Without funds to hire teachers, Myagdi fundraises through musical performancesAs the government sets hiring quotas based on the number of students, many community schools in districts like Myagdi are woefully understaffed.
Whenever a ‘lahure’ returns from foreign employment or tourists pass through the village of Mudi in Myagdi, they are welcomed with a madal performance, organised by the local Aama Samuha (Mothers’ group). During the performance, there is a call for donations from the guests, with these funds then used to hire teachers for the local public schools.
Such shows are staged throughout the year and locals have managed to generate enough money to hire additional teachers for their understaffed schools.
Community schools in Myagdi, like most others in Nepal’s hilly districts, are characterised by inadequate funding, insufficient and improper staffing, dilapidated facilities, and above all, a lack of teachers. This state of affairs is of the utmost concern for those who still remain in the villages, said Dal Bahadur Thapa, an official with the Education Development and Coordination Unit.
Community schools in the district simply do not have enough teachers. Locals blame the government’s policy of allocating teachers based on the number of students in an area with insufficient consideration given to grade levels, a mix of students and specialisation needs.
“We are without any vacant post to hire teachers under the government’s quota,” said Jag Bahadur Kisan, principal of the Buddhi Bikas Secondary in Mudi. “If we hire teachers under the private quota, we need around one million rupees yearly to pay their salaries.”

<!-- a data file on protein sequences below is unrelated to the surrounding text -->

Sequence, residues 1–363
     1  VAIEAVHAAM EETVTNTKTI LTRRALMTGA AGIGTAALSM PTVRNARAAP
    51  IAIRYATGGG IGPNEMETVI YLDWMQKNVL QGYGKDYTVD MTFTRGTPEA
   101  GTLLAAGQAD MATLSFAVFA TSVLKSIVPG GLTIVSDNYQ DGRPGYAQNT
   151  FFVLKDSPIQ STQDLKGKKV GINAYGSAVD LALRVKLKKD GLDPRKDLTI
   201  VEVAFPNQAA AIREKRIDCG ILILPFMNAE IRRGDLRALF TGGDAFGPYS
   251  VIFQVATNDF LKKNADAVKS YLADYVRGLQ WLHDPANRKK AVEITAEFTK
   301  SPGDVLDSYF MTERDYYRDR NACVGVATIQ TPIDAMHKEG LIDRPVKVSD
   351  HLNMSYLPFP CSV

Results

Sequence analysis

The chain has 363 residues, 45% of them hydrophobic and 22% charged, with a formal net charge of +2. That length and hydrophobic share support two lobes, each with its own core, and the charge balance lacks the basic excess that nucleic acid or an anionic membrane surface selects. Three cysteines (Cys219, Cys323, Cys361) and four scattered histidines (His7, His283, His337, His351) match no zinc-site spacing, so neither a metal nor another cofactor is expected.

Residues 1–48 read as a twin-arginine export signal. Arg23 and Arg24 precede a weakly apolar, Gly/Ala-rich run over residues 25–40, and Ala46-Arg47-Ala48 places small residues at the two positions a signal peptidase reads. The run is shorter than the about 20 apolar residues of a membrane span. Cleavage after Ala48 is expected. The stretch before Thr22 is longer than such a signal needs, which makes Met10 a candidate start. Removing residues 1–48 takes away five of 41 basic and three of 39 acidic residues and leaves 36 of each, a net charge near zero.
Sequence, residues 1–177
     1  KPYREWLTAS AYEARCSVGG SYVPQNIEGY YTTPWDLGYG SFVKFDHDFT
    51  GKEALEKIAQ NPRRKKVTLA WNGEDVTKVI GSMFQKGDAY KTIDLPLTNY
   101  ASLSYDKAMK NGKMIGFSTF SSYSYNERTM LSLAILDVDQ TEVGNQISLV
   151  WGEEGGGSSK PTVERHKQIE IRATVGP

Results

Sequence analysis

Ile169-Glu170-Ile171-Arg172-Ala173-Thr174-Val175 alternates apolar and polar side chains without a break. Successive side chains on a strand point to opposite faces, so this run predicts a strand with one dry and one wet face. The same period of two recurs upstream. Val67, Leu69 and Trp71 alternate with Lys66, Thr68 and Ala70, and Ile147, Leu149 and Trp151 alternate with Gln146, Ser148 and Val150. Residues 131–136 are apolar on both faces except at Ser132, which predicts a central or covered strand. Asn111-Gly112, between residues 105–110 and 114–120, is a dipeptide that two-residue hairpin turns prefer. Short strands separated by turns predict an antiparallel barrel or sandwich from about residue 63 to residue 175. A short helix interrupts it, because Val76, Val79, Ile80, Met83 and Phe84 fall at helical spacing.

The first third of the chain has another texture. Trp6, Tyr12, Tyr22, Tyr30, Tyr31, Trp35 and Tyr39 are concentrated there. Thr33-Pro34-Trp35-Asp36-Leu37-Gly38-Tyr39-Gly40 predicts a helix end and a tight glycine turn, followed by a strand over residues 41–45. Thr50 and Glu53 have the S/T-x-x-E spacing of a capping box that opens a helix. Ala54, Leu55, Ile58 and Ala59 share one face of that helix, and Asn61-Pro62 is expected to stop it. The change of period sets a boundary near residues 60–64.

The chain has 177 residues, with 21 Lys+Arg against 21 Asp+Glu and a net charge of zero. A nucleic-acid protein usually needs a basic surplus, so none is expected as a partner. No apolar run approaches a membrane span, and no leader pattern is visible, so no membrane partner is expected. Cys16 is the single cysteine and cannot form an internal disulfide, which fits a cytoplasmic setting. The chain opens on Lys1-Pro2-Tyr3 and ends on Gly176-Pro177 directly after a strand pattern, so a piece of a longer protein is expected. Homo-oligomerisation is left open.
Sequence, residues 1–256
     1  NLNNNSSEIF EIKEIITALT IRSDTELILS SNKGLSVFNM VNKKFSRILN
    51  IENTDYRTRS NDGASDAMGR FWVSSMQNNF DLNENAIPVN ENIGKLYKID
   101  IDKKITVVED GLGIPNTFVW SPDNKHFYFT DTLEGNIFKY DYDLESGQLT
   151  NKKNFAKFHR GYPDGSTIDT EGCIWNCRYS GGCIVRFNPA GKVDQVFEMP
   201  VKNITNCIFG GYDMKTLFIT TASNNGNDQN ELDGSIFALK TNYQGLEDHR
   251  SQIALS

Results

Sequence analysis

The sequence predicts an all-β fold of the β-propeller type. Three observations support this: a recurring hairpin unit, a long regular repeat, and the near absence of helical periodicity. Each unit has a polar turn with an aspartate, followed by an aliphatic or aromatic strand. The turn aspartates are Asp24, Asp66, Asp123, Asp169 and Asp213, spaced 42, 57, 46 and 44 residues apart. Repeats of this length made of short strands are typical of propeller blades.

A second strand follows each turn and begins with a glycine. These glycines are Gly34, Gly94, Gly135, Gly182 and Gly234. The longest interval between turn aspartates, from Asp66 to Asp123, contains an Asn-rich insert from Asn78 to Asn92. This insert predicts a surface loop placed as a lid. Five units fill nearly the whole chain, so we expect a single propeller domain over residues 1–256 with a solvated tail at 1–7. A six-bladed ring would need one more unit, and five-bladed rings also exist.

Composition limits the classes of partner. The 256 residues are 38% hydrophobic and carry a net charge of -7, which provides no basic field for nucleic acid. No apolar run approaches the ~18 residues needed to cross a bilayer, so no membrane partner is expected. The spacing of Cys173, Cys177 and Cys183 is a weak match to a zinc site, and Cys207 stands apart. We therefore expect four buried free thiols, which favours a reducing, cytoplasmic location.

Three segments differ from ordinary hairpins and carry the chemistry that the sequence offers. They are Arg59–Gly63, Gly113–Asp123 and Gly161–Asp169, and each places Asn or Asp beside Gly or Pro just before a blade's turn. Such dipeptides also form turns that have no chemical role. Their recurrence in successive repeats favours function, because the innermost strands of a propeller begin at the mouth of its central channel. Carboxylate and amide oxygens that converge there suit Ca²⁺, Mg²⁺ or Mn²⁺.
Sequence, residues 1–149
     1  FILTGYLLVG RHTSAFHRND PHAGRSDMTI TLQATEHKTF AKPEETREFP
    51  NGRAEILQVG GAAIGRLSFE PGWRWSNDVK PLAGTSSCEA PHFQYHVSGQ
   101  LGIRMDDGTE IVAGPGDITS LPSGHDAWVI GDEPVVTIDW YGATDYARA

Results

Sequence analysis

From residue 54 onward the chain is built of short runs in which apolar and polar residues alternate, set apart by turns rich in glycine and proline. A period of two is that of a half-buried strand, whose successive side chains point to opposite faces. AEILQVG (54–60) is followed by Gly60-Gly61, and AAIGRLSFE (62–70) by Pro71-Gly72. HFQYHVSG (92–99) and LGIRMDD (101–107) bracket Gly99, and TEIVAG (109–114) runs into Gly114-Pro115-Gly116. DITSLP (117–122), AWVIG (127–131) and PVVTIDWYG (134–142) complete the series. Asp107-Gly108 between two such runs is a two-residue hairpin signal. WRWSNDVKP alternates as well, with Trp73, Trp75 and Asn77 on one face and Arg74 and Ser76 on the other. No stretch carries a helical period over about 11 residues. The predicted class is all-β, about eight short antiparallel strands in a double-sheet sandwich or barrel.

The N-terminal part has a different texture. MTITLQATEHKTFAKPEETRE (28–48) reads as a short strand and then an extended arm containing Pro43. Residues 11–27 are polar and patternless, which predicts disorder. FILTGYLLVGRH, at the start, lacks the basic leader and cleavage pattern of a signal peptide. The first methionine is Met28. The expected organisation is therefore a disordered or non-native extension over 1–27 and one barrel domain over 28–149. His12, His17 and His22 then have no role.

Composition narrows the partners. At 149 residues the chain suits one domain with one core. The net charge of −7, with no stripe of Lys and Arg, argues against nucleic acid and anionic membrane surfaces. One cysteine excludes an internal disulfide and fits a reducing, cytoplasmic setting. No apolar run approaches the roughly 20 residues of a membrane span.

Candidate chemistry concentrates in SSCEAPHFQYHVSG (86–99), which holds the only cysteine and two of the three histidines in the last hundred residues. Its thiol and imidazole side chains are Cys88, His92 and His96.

While not begrudging the village’s limited success in raising additional funds through madal performances, Kisan lamented that they would rather spend their time and effort upgrading the quality of education rather than raising funds.
Forty-eight of the district’s secondary schools are without any vacant posts for teachers, even though the number of teachers is grossly imbalanced and the process fraught with political meddling, say locals.
“Hiring salaried teachers under the private quota has proved to be a hassle,” said Kumar Pun, principal of Adarsha Secondary in Annapurna Rural Municipality. “It’s hard to find specialist teachers. We can’t promise quality education, but we can’t merge the schools either because of the distance between the two nearest schools.” Adarsha Secondary has 14 students in its secondary level, but the nearest secondary school is a four-hour walk away. A merger is out of the question, said Pun.
According to data from the Myagdi Education Development and Coordination Unit, there are 830 teachers in the primary level for a total of 16,872 students in the district; 246 teachers for 9,466 students in the lower secondary level; and 165 teachers for 4,849 students in the secondary level. Due to the imbalance in the allocation of the teachers, the density of teachers is higher in areas around the district headquarters of Beni.
“The number of schools is sizeable in rural areas as well, as they were established at the initiative of locals, but it’s become hard for them to continue functioning,” said Thapa. “The government policy to allocate teachers on the basis of the number of students is posing problems.”
While communities like Mudi have had some success in raising funds, they still find it difficult to employ specialist teachers, especially those for science and maths. “Students are compelled to solve papers without being taught by specialists,” Thapa said.